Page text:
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D.C. Attorney General Sues Housing Authority For Endangering Tenants

Maryland AG Brian Frosh and D.C. AG Karl Racine at a 2017 press conference

D.C. Attorney General Karl Racine is taking the city's public housing agency to court over negligence he says has endangered more than 5,000 of its residents.

Racine filed a lawsuit Tuesday against the D.C. Housing Authority for failing to confront drug- and firearm-related nuisances at 10 public housing properties it manages across the District.

Police have responded to thousands of incidents at the properties in recent years, including multiple homicides, the lawsuit said. It said the District has repeatedly notified DCHA, an independent agency, of these issues and tried to engage with the agency on an abatement plan to reduce the frequency of the incidents. The lawsuit said DCHA has failed to respond or engage meaningfully with the District on the issues. 

The lawsuit aims to compel DCHA to institute security improvements, including increasing the number of police officers at the properties and increasing the number of security cameras and lights. The attorney general is also seeking damages of at least $150 for each day since DCHA received notification of the issues, and the money would be paid into a fund for the abatement of drug-, firearm- and prostitution-related nuisances. 

"District law requires building owners such as DCHA to maintain their properties and take reasonable precautions to protect their tenants and properties from crime," Racine said in a release. "In response to complaints from residents, our office repeatedly warned DCHA about dangerous and illegal activity at their properties, putting tenants — especially children, seniors and residents with disabilities — at risk."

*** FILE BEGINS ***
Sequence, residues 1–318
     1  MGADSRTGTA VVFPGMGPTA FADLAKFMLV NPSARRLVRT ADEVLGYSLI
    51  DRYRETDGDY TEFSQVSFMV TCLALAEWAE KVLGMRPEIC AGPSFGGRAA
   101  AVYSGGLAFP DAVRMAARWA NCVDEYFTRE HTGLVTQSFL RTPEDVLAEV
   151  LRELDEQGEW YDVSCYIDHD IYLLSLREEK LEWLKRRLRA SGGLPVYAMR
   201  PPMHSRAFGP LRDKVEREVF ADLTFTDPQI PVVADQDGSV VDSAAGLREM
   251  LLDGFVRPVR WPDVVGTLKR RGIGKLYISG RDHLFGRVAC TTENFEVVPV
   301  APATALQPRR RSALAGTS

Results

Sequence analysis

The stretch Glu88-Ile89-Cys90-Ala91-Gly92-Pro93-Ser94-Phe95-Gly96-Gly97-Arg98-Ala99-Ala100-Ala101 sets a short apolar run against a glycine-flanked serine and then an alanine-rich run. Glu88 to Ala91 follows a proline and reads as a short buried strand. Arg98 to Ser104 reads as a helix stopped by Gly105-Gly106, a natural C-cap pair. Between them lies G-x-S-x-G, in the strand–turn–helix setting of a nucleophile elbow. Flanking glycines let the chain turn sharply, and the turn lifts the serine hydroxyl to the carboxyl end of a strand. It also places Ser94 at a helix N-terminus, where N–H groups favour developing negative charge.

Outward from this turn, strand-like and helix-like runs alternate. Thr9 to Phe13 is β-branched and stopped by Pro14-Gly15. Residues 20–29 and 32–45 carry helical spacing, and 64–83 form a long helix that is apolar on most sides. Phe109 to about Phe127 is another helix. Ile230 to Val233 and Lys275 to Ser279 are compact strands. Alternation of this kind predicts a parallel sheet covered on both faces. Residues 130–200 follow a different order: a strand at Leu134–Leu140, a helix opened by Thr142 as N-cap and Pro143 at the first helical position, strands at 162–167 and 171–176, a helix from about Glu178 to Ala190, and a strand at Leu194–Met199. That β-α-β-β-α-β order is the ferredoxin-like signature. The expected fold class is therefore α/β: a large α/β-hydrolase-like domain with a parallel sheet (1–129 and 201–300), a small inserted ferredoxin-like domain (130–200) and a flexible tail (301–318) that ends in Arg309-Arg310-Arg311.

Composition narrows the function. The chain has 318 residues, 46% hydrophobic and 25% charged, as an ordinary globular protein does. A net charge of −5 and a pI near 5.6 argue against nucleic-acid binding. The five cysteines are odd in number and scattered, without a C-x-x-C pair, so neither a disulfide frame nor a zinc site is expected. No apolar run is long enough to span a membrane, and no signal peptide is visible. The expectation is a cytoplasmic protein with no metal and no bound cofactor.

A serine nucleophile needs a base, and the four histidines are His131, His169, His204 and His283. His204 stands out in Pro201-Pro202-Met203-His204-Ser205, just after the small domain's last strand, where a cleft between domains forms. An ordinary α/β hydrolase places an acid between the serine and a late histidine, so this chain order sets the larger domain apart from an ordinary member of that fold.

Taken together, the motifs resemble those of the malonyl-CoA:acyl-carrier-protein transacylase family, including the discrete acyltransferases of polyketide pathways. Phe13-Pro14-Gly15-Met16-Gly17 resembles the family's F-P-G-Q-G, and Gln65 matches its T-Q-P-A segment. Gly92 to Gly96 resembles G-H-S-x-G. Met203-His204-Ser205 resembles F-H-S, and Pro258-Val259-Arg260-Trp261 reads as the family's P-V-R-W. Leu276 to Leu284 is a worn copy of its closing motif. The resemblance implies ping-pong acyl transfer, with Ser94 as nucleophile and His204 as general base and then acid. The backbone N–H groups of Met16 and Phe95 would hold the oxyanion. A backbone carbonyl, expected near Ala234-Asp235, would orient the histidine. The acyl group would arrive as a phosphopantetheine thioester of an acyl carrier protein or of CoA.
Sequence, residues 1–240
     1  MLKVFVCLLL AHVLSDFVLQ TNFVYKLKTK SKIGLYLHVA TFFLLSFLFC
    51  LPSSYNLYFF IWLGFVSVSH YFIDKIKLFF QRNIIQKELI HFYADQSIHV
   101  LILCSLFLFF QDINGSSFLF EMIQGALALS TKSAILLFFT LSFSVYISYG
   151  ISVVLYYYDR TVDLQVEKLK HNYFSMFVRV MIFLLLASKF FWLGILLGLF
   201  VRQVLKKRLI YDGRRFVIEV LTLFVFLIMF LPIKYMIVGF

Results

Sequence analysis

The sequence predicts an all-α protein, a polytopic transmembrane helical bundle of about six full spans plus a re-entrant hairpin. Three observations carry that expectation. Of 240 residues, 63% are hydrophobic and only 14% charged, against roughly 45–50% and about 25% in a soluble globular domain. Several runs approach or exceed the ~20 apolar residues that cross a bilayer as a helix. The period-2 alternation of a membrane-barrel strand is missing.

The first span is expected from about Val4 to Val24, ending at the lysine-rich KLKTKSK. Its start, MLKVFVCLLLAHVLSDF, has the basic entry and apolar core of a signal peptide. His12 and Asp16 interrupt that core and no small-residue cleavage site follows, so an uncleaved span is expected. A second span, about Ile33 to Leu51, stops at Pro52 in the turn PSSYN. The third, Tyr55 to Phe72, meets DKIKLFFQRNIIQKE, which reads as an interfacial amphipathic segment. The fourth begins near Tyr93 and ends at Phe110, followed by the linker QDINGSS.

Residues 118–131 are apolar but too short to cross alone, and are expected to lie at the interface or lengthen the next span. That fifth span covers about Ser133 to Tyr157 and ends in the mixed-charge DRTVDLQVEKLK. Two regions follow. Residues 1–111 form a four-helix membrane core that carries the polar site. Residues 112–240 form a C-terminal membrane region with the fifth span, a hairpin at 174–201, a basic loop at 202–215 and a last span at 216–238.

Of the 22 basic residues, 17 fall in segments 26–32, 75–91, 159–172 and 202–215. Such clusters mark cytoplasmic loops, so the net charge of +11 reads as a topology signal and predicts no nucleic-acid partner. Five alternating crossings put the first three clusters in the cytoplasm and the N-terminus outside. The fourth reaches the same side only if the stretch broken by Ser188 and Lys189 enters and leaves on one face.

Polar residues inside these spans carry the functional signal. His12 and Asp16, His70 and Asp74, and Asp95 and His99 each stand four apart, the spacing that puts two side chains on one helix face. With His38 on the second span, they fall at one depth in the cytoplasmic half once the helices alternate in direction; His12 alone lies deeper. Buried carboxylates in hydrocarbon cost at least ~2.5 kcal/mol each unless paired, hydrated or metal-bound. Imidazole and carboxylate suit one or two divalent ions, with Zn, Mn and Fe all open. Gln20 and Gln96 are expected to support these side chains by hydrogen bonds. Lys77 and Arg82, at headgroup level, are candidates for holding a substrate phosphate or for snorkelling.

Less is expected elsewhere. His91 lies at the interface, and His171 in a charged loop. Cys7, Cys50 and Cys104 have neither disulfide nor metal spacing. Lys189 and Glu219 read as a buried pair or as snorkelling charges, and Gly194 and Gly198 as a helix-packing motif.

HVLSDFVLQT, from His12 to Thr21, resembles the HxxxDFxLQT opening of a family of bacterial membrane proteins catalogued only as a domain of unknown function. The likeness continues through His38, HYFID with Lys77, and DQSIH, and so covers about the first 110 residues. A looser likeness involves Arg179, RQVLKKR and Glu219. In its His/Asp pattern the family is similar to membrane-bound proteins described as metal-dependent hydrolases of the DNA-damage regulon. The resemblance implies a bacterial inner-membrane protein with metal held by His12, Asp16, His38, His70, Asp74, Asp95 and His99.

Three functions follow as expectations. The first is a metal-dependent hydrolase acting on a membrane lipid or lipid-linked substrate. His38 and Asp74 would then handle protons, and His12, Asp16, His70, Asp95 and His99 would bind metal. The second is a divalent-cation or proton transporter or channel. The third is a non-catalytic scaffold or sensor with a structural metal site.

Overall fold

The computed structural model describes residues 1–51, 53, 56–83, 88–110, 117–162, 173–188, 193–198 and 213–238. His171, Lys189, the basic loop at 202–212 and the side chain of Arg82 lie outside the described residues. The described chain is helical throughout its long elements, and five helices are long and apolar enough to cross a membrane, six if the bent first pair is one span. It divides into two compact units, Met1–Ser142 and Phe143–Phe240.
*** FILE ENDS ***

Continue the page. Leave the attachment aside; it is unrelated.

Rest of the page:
DCHA Executive Director Tyrone Garrett responded to the attorney general's lawsuit in a release Tuesday afternoon. He said it is launching an internal investigation into the agency's response to the attorney general's recommendations. He said if the lawsuit's claims about the agency staff's failure to cooperate on the issues are true, it is "completely unacceptable behavior." Still, he said he does not think the lawsuit was the proper means to address the issue. 

"While we understand why the Office of the Attorney General has pursued this approach, we believe that the time and financial resources that will be expended to respond to this litigation would be best used to support the measures that this suit seeks to remedy," Garrett said in the release. 

The D.C. Housing Authority headquarters on North Capitol Street

The lawsuit is focused on 10 properties that comprise 2,567 units and house more than 5,000 people: Kenilworth Courts, Langston Terrace and Additions, Lincoln Heights Apartments, Richardson Dwellings Apartments, LeDroit Apartments, Kelly Miller Apartments, James Creek Apartments, Syphax Gardens Apartments, Benning Terrace Apartments, Stoddert Terrace Apartments and the public housing properties formerly known as the Arther Capper/Carrollsburg Apartments.

The Metropolitan Police Department responded to more than 5,270 incidents at the 10 properties between January 2019 and May 2020, according to the lawsuit. It said more than 1,000 of the incidents occurred at the James Creek Apartments, which sits two blocks from Nationals Park at 1265 Half St. SW. 

DCHA's portfolio consists of 56 properties totaling more than 8,000 public housing units. The agency in February 2019 unveiled a plan to renovate at least 2,400 of its units over a 24-month period. DCHA has also planned to redevelop the site of its NoMa headquarters into more than 1,000 residential units, but that project has been delayed for several years.